...economically optimal pricing in its purest form leads to major under-recovery of capital and maintenance costs for most of the road system.[11]

2.26      In many cases toll rates are determined in advance, with an agreed maximum rate of increase. But in fact the benefit to the user of the toll road changes over time: usually it increases as the volume of traffic in a city, and the congestion on alternative routes, increases.[12]

2.27      Tolls tend not to be simple user charges. First, in several cases, new roads have been funded by extension of the concessions on existing roads. Second, the difference in tolls between roads within a city does not reflect differences in the cost of provision.[13] It may simply reflect differences in the deal negotiated. Third, the benefit of a road does not accrue only to the person who drives on it. An employer whose work force can use a new road to get to work may benefit from the road even though she never travels on the road, and never pays a toll. Further, when a driver pays to use a toll road, she reduces the congestion on alternative minor roads (conferring a benefit on users of them for which they do not pay). But she may increase congestion on roads beyond the paid-for section, imposing a cost which is also not a component of the toll. A particular tolled road is useful only if there are other roads leading to it. The transport system is a network, not a collection of individual roads.

2.28      Road user charges can be used for broader purposes such as demand management. But such charges have to be applied with the whole network in mind. Submissions from areas dependent for access on toll roads have made this point.[14] Professor David Hensher believes that only the state has any incentive to think in terms of the network. But, he argues, governments, by agreeing to long term tolling contracts, have given away the pricing control that would have allowed them to optimise charging on the network.[15]

2.29      The Bureau of Infrastructure, Transport and Regional Economics (BITRE) appears to support this argument, concluding in its Introduction to Road Economics:

The main message of this paper is to challenge ideas that economically efficient prices for roads in general are associated with cost recovery, and the roads could be managed efficiently on a commercial basis without a high degree of regulation.[16]

2.30      The use of tolls as a method of financing infrastructure is not only a way of postponing the cost to government. Some toll road projects have involved an up-front payment to government for the right to build and operate the road.[17]

Toll roads in Australia[18]

2.31      There are 16 toll roads in Australia: eight (41 per cent of total toll road length) in New South Wales, two (25 per cent) in Victoria and six (34 per cent) in Queensland. BITRE distinguishes three categories of toll roads: bridges or tunnels crossing barriers, like the Sydney Harbour Bridge and the Go-Between Bridge in Brisbane; roads incorporating tunnels which are intended to ease congestion on the surface, like the Sydney Cross-City Tunnel and the Brisbane Clem7; and intra-city links, some of which, like the Sydney M7, the Logan Motorway in Brisbane, and the Melbourne Eastlink, are over 35 kilometres long. This information is summarised in the table.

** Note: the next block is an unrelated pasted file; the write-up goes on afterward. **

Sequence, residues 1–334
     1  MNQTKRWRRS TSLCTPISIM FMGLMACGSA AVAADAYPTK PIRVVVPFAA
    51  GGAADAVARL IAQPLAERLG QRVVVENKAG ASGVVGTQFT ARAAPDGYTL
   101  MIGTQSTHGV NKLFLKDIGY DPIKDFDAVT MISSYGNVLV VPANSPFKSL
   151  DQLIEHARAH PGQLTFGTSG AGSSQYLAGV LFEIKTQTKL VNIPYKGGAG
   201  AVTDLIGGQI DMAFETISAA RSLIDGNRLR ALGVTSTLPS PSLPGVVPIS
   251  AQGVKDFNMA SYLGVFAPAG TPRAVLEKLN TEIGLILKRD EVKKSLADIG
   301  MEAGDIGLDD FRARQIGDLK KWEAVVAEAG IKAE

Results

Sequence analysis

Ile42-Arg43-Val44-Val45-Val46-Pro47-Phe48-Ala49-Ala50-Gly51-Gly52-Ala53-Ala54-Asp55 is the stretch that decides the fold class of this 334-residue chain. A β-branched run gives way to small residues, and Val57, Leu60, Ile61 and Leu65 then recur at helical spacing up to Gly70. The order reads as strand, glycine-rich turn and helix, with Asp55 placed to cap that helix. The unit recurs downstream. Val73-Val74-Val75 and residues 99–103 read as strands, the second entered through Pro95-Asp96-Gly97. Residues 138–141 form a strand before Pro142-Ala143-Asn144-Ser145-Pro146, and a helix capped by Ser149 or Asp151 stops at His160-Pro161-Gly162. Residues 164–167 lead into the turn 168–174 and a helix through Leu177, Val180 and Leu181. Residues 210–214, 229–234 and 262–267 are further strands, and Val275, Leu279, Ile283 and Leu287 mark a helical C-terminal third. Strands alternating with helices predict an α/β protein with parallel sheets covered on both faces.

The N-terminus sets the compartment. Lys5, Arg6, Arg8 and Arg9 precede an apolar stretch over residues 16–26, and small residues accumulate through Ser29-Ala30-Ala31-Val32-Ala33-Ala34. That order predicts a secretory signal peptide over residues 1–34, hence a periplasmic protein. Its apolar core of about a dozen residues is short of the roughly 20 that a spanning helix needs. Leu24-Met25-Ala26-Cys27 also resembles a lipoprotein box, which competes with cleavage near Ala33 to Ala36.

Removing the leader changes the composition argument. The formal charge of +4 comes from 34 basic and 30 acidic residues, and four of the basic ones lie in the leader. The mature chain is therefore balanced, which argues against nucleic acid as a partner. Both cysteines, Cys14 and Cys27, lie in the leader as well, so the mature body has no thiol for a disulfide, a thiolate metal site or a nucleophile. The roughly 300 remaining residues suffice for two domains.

2.32      Most toll roads have been developed as public-private partnerships, with mixed success. Failures have generally been due to exaggerated forecasts of traffic volumes: this is often referred to as 'optimism bias'. This has been particularly true for the second type of freeways, those involving tunnels.

2.33      As several companies developing toll roads have failed, there has been an increase in concentration of ownership. Today Transurban operates, and has at least a majority ownership of, 13 of the 16 toll roads.

2.34      Most of the toll roads use fixed tolls. The exceptions are the Sydney Harbour Bridge and the Sydney Harbour Tunnel, which vary by time of day, and the Sydney M7, which has distance-based tolling. (WestConnex, including the new M4 lanes opening now, will also use distance based tolling.[19]) Tolls for cars vary from $2.70 for the 38.7 kilometre Logan Motorway to $8.70 for the 22 kilometre Melbourne CityLink. Tolls for trucks for those roads are $7.30 and $11.60 respectively.[20]

2.35      Four more major projects are currently proposed or in their early stages: Toowoomba Second Range Crossing, NorthConnex and WestConnex in Sydney, and the Westgate Tunnel project in Melbourne. Three major upgrade projects are proposed in Brisbane.[21] All of these except the Toowoomba Second Range Crossing are Transurban projects.

Table: Toll Roads in Australia by Type

Type Name State Length (km) Original owner Majority Owner Operator
Harbour/river crossing 1. Sydney Harbour Bridge NSW 1.1 NSW Dept. of Public Works RMS RMS
2. Sydney Harbour Tunnel NSW 2.7 Transfield Pty Ltd & Kumagai Gumi Kumagai Gumi (50%) Tunnel Holdings Pty Ltd
3. Go Between Bridge QLD 0.3 Brisbane City Council Transurban Transurban
Tunnels or roads with tunnels 4. Cross City Tunnel NSW 2.1 CCT Motorways Transurban Transurban
5. Lane Cove Tunnel NSW 3.8 Connector Motorways Transurban Transurban
6. Clem7 QLD 6.8 RiverCity Motorway Transurban Transurban
7. Airport Link QLD 6.7 BrisConnections Transurban Transurban
8. Legacy Way QLD 5.7 Brisbane City Council Transurban Transurban
Intra-city links - short 9. M1 (Eastern Distributor) NSW 6.0 Airport Motorway Pty Ltd Transurban Transurban
- long 10. M2 (Hills) NSW 21.0 Hills Motorway Pty Ltd Transurban Transurban
11. M7 (Westlink) NSW 40.0 Western Sydney Orbital Pty Ltd Transurban (50%) Transurban
12. M5 (South-West) NSW 22.0 Interlink Roads Pty Ltd Transurban (50%) Transurban
13. CityLink VIC 22.0 Transurban Transurban Transurban
14. EastLink VIC 39.0 ConnectEast Horizon Roads Pty Ltd Horizon Roads Pty Ltd
15. Gateway Motorway QLD 23.1 Queensland Investment Corp. Transurban Transurban